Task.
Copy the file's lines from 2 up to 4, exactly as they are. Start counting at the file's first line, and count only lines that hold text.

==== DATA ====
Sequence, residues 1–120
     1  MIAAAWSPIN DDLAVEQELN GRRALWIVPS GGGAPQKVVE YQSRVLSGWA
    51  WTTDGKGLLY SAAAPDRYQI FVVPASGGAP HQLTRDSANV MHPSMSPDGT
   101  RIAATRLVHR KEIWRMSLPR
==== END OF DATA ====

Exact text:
     1  MIAAAWSPIN DDLAVEQELN GRRALWIVPS GGGAPQKVVE YQSRVLSGWA
    51  WTTDGKGLLY SAAAPDRYQI FVVPASGGAP HQLTRDSANV MHPSMSPDGT
   101  RIAATRLVHR KEIWRMSLPR